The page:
Adding smoothies to your diet can be a healthy move, but it won’t necessarily help you lose weight unless you use those smoothies to replace higher-calorie foods. You need to consistently burn more calories than you eat to lose weight over time, so try drinking a low-cal smoothie when you’d usually have dessert or using it as a daily meal replacement
To make a filling smoothie that’s still relatively low in calories, start with a high-protein base. According to a research review published in the “American Journal of Clinical Nutrition” in 2008, protein is more filling than either carbohydrates or fats, making it a smart choice for weight loss. A 6-ounce container of nonfat, plain Greek yogurt makes a neutral base and has only 100 calories with 18 grams of protein. Soft, silken tofu will make a thicker smoothie. A generous 200-gram slice has 110 calories and nearly 10 grams of protein.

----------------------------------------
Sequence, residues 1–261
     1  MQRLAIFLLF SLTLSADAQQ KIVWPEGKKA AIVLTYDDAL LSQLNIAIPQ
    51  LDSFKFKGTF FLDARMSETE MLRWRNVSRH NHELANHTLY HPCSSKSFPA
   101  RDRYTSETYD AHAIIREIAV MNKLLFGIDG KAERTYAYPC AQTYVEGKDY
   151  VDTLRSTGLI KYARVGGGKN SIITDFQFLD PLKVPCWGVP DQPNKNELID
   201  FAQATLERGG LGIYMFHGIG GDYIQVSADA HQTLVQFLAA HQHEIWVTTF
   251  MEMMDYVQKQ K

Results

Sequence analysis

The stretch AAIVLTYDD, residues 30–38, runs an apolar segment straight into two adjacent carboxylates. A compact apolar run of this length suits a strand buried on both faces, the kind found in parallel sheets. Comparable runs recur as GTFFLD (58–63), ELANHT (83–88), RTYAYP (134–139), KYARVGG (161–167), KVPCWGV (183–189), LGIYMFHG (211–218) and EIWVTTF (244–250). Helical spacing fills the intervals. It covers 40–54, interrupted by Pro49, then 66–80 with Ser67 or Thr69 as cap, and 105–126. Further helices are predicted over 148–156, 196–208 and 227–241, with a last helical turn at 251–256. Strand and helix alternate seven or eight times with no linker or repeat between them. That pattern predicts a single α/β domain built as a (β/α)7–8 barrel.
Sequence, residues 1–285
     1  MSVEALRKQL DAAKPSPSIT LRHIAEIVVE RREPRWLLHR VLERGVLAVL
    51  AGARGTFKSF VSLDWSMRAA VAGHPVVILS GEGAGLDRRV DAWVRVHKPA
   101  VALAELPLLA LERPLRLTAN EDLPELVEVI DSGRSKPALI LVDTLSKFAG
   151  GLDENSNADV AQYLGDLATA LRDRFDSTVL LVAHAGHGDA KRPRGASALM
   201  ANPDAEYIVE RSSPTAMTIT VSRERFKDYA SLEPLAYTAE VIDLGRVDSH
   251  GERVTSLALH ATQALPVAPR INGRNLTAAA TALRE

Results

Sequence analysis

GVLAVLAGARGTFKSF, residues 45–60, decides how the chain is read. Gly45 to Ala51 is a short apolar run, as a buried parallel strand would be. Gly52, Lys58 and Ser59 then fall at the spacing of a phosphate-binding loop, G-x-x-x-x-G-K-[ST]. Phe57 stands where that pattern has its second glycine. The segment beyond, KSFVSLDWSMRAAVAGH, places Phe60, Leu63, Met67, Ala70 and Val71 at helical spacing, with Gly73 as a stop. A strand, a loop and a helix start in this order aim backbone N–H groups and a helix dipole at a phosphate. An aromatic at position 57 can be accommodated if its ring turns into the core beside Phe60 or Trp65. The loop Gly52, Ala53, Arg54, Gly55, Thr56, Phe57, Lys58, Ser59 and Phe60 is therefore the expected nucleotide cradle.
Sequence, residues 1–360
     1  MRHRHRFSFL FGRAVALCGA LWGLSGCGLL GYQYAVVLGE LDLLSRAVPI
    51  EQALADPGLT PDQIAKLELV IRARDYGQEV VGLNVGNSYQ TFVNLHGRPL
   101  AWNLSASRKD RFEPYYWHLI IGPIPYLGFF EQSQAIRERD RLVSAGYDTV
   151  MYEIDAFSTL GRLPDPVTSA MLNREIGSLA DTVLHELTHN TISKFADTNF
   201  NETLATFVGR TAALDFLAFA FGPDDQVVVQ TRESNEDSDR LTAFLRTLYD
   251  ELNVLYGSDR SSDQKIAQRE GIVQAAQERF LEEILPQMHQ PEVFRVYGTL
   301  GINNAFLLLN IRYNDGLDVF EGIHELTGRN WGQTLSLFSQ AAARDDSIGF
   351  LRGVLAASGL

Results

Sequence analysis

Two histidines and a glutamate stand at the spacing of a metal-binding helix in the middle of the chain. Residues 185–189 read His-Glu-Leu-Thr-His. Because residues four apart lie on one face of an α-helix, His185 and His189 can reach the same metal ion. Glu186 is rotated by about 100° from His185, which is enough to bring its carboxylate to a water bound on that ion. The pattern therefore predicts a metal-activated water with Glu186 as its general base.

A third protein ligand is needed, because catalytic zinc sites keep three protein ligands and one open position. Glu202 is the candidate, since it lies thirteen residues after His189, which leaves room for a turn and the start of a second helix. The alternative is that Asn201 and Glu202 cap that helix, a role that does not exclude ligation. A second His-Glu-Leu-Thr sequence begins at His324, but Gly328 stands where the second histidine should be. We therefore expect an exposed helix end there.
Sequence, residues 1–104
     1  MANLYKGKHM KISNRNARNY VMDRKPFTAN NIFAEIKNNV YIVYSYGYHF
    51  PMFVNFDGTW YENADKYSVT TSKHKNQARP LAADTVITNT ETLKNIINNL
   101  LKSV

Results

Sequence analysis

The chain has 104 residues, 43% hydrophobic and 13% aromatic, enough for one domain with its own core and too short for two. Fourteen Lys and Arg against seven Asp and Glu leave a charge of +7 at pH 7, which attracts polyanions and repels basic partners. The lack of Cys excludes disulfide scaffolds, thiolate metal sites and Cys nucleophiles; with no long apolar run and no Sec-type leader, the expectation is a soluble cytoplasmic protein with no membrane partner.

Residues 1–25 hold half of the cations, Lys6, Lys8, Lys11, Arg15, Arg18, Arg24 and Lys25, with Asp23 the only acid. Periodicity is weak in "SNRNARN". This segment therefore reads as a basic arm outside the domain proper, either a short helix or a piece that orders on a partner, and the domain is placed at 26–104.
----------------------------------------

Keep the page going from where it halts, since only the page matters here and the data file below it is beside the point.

When building your smoothie, use fresh or frozen fruits. Canned fruit and fruit juices often contain added sugar, which contributes calories and raises your risk of several chronic health conditions. For a thick smoothie, throw in a small frozen banana, which adds just 90 calories and blends up to a consistency like that of soft serve. To boost fiber content, add berries. One cup of raspberries has just 65 calories and 8 grams of fiber, and the same amount of blackberries has 60 calories and 7.5 grams of fiber. According to a research review published in 2005 in the journal “Nutrition,” dietary fiber consumption has an inverse association with body weight and body fat mass.
Blending veggies into your smoothie may sound odd, but it’s a great way to ramp up the nutrient content of your drink and keep the calorie count low. Nonstarchy vegetables have about one-third the calories of fruit, and they’re packed with filling fiber. Dr. Ben Kim recommends using a ratio of 40 percent fruits and 60 percent leafy greens, but if the taste is too bitter for you, you can start with just a small handful of greens and gradually increase the amounts until you’re more accustomed to including them. One cup of fresh spinach has just 7 calories, and the same amount of kale has 30 calories.